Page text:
An ambient temperature oxygen microsensor, based on a Nafion polymer electrolyte, has been developed. A challenge in the operation of Nafion-based sensor systems is that the conductivity of Nafion film depends on the humidity in the film. Nafion film loses conductivity when the moisture content in the film is too low, which can affect sensor operation.
This oxygen microsensor has extremely low power consumption, is small in size, and is simple to batch-fabricate.
An ambient temperature oxygen microsensor, based on a Nafion polymer electrolyte, has been developed and was microfabricated using thin-film technologies. A challenge in the operation of Nafion-based sensor systems is that the conductivity of Nafion film depends on the humidity in the film. Nafion film loses conductivity when the moisture content in the film is too low, which can affect sensor operation. The advancement here is the identification of a method to retain the operation of the Nafion films in lower humidity environments. Certain salts can hold water molecules in the Nafion film structure at room temperature. By mixing salts with the Nafion solution, water molecules can be homogeneously distributed in the Nafion film increasing the film’s hydration to prevent Nafion film from being dried out in low-humidity environment. The presence of organics provides extra sites in the Nafion film to promote proton (H+) mobility and thus improving Nafion film conductivity and sensor performance.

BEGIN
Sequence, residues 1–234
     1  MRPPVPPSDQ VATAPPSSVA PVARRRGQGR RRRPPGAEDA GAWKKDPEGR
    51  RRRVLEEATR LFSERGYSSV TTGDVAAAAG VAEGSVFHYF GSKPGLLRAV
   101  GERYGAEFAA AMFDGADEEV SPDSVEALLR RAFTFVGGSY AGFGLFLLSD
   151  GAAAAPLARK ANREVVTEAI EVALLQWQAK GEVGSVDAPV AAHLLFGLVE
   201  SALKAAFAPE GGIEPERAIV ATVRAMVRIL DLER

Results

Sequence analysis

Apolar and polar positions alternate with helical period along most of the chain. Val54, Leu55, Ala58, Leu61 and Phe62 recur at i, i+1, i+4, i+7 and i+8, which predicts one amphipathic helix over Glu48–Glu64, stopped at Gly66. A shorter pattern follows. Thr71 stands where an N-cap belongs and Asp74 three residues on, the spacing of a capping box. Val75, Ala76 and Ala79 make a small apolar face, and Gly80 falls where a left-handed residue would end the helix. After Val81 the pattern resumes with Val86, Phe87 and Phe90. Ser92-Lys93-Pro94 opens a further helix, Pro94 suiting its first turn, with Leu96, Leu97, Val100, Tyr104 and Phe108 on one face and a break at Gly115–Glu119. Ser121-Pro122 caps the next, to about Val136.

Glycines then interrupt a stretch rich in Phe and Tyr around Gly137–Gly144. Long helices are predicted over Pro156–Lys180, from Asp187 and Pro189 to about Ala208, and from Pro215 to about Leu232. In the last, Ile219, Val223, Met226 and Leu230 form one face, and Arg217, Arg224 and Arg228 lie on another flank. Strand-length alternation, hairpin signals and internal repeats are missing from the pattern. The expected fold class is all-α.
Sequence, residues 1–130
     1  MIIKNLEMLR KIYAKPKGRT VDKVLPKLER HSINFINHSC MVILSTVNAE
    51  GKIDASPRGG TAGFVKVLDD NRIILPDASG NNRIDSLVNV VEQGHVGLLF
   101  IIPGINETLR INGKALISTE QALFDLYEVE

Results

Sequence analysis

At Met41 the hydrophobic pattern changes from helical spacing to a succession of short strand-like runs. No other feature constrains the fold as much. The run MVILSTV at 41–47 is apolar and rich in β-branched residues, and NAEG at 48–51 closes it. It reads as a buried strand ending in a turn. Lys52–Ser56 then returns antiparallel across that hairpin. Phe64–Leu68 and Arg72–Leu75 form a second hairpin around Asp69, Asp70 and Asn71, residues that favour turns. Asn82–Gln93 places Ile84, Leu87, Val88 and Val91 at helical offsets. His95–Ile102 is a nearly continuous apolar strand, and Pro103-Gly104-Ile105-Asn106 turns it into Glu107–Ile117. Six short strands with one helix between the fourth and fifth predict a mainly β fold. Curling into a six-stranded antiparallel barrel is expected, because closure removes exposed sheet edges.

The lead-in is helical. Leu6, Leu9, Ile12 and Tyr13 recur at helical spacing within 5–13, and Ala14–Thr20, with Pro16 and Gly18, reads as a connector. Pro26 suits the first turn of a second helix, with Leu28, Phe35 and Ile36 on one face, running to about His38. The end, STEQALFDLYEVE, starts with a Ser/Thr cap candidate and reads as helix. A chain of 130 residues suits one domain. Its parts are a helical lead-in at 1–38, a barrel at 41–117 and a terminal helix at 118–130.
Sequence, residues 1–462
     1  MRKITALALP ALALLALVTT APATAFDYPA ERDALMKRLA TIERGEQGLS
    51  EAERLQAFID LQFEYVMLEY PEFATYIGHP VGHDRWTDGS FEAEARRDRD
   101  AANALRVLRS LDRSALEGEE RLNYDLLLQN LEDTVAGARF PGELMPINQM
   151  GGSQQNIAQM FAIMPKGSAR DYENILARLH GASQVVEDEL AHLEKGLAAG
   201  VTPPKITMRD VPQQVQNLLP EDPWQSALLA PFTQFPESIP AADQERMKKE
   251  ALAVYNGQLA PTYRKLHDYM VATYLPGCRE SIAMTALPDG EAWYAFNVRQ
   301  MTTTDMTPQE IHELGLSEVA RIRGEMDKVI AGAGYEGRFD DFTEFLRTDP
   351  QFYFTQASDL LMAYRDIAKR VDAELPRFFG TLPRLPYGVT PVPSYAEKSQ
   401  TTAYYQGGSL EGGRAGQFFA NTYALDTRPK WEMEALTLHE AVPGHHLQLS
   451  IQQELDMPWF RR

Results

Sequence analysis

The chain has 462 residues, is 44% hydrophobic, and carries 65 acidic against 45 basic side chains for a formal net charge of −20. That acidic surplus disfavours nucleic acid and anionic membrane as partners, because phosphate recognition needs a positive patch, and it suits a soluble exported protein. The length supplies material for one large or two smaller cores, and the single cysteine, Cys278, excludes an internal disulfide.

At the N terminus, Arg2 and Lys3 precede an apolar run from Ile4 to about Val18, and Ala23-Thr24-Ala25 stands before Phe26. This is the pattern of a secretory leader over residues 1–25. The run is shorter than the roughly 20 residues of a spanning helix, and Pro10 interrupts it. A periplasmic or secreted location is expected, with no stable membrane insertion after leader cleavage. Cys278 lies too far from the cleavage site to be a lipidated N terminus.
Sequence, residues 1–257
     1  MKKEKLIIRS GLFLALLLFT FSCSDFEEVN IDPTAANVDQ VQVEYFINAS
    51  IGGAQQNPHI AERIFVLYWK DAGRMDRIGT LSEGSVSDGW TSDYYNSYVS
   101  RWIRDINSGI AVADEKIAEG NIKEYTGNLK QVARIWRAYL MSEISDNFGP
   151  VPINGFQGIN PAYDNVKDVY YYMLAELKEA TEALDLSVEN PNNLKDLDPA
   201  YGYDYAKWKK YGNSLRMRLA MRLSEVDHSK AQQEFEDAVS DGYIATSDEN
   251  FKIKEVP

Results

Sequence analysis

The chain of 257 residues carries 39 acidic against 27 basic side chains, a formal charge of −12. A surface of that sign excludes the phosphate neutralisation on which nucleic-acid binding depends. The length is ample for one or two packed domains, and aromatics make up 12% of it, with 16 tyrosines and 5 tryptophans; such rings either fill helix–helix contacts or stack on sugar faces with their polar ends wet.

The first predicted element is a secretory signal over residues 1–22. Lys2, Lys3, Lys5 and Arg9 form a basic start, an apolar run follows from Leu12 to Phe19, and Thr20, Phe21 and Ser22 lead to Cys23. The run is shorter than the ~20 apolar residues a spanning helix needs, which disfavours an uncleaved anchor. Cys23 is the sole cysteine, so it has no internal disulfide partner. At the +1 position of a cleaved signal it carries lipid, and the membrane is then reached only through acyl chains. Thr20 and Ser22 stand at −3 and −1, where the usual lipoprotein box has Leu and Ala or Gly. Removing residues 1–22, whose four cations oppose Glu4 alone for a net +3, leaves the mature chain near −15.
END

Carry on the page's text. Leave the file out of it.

The fabrication of ambient temperature oxygen microsensors includes depositing basic electrodes using noble metals, and metal oxides layer on one of the electrode as a reference electrode. The use of noble metals for electrodes is due to their strong catalytic properties for oxygen reduction. A conducting polymer Nafion, doped with water-retaining components and extra sites facilitating proton movement, was used as the electrolyte material, making the design adequate for low humidity environment applications. The Nafion solution was coated on the electrodes and air-dried. The sensor operates at room temperature in potentiometric mode, which measures voltage differences between working and reference electrodes in different gases. Repeatable responses to 21-percent oxygen in nitrogen were achieved using nitrogen as a baseline gas. Detection of oxygen from 7 to 21 percent has also been demonstrated.
The room-temperature oxygen microsensor developed has extremely low power consumption (no heating for operation, no voltage applied to the sensor, only a voltmeter is needed to measure the output), is small in size, is simple to batch-fabricate, and is high in sensor yield. It is applicable in a wide humidity range, with improved operation in low humidity after the additives were added to the Nafion film. Through further improvement and development, the sensor can be used for aerospace applications such as fuel leak detection, fire detection, and environmental monitoring.
This work was done by Gary W. Hunter and Jennifer C. Xu of Glenn Research Center and Chung-Chiun Liu of Case Western Reserve University.
Inquiries concerning rights for the commercial use of this invention should be addressed to NASA Glenn Research Center, Innovative Partnerships Office, Attn: Steven Fedor, Mail Stop 4–8, 21000 Brookpark Road, Cleveland, Ohio 44135. Refer to LEW-18674-1.